Product Review:
Cold Drip Coffee Maker

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CocoaJava Product Review: Cold Drip Coffee Maker

Okay, I will admit that perhaps there are bits of this coffee maker that I would have designed differently... but then again, I'm not the motivated person who actually got off their hinder and created it, now am I? I give big points for actually bringing this idea to reality.

And, besides, look at it. No, really, look at it. This coffee maker is gorgeous. It's an homage to the Victorian era - can't you just see Jules Verne with one of these aboard the Nautilus? The glass pieces are beautifully shaped, the metal bits add detail and sparkle, and the wood framework is as warm and rich as the cup of coffee you're anticipating... which will be in about 6-10 hours, depending on how fast the ice melts. With cold drip coffee, patience is indeed a virtue.

When you first set up the coffee maker, it's a bit daunting. But the instructions are very clear, and after your first run, you'll realize this device is really very simple to use. Basically, you fill the top carafe with ice cubes . The center bit holds filters and packed-down coffee of your own choice. And the bottom carafe just sits there looking pretty, collecting your cold drip coffee as it finishes its journey.

So far I have cold dripped two batches of coffee concentrate, and based upon my experience, I would like to offer a few suggestions. I've learned that the more tightly you can pack the ice cubes in the ice/water jar, the better, so take a bit of time to actually drop them into position betwixt each other, as if filling in a puzzle.

Also, the paper filters are oversized and I believe that the factory should be cutting them smaller. They still work well if you take the time to tamp them carefully into place.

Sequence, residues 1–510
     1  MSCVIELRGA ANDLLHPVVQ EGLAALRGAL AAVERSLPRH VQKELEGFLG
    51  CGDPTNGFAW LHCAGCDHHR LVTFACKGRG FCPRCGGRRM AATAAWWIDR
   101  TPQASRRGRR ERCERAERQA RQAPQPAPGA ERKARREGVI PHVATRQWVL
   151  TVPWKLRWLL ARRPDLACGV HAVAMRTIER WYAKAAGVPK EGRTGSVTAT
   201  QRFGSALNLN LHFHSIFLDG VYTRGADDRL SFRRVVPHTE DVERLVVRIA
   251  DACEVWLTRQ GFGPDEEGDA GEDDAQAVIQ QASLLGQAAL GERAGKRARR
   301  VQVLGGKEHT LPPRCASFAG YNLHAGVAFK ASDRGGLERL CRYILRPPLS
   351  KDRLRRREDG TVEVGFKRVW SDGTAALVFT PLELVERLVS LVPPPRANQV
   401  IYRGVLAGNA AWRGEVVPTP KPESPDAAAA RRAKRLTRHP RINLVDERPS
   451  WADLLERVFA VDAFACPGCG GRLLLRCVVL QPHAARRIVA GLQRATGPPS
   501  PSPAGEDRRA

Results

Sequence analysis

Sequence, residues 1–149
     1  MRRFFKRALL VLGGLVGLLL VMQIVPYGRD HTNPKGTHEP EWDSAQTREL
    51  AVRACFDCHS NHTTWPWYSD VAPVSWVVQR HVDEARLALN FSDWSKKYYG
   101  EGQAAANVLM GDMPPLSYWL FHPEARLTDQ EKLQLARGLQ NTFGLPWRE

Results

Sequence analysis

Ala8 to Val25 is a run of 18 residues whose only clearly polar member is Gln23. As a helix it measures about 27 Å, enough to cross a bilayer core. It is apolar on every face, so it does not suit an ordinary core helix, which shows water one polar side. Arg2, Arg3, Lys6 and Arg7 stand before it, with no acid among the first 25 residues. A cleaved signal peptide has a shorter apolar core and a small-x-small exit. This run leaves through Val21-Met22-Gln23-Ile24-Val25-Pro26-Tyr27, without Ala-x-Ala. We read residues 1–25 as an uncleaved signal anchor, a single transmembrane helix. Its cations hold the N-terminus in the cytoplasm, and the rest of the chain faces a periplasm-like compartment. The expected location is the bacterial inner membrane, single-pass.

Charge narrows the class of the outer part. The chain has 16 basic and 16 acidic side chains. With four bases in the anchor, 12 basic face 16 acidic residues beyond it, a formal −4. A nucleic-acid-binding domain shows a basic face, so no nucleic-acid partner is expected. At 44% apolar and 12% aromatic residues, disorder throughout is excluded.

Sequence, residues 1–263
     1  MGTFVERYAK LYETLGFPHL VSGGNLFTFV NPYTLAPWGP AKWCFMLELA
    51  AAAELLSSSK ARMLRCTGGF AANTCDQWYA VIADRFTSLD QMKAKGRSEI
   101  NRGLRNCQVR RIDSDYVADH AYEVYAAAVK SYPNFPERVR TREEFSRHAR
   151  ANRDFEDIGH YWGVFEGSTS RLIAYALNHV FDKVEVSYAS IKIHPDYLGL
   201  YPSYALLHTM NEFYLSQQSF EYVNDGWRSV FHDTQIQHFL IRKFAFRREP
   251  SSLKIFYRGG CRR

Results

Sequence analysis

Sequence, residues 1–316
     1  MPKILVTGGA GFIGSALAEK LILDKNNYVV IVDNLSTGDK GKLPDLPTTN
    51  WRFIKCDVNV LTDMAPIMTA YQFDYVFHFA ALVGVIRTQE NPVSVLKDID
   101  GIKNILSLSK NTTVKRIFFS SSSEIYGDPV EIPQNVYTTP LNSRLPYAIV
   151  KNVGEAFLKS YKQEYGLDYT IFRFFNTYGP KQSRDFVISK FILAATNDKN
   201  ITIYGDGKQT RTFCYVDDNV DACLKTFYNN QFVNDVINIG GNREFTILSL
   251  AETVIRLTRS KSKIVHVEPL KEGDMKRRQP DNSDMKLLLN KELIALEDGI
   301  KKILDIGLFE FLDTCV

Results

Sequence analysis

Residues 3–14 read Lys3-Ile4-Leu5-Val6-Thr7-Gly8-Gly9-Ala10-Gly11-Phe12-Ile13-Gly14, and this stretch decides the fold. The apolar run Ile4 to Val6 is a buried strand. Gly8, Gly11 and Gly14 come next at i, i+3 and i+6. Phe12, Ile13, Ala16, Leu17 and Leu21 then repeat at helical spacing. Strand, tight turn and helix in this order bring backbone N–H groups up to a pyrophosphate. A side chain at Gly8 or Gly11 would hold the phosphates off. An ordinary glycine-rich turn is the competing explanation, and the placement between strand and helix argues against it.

Most importantly though, you will need to check on the drip valve from time to time after the brewing process starts. I carefully set the valve to release one drop per second, as the instructions indicated, but when I came back later to check it's progress, the water drip had always either slowed or stopped, even though there was water waiting to drip. Quite a few 'fine tuning' adjustments were needed throughout the brew. I believe this is due to the thermal expansion/contraction that the metal valve goes through as it warms and cools. The valve is very well built, but this problem does require that you check and adjust your machine often for optimum water flow.

Although what you are brewing is described as being a coffee concentrate, you will need to experiment with how much concentrate your ideal cup of coffee will require. Per the instructions, I started with 1/3 cold drip and 2/3 water, but found that ratio to be much too weak for my taste. For me, 2/3 cold drip and 1/3 water is more satisfying. Being a serious coffee drinker, I think I might even be very happy with a straight cup of cold-brew coffee with no water added whatsoever!

The cold drip concentrate is very mild, and should be great for those who have trouble drinking regular coffee. Also, don't hesitate to use your flavored coffees with this system! My first batch was a good World Market Italian Roast, as I wanted the machine to prove itself on a basic coffee. On the second batch though, I tried chocolate-flavored coffee and both my husband and I felt that the flavoring survived the cold-brew process quite nicely.

All in all, I feel this device is a fun addition to a coffee aficionados kitchen. It's a wonderful conversation piece, and it will brew a decent cup of coffee... so why not put some fun and creativity into your coffee habit?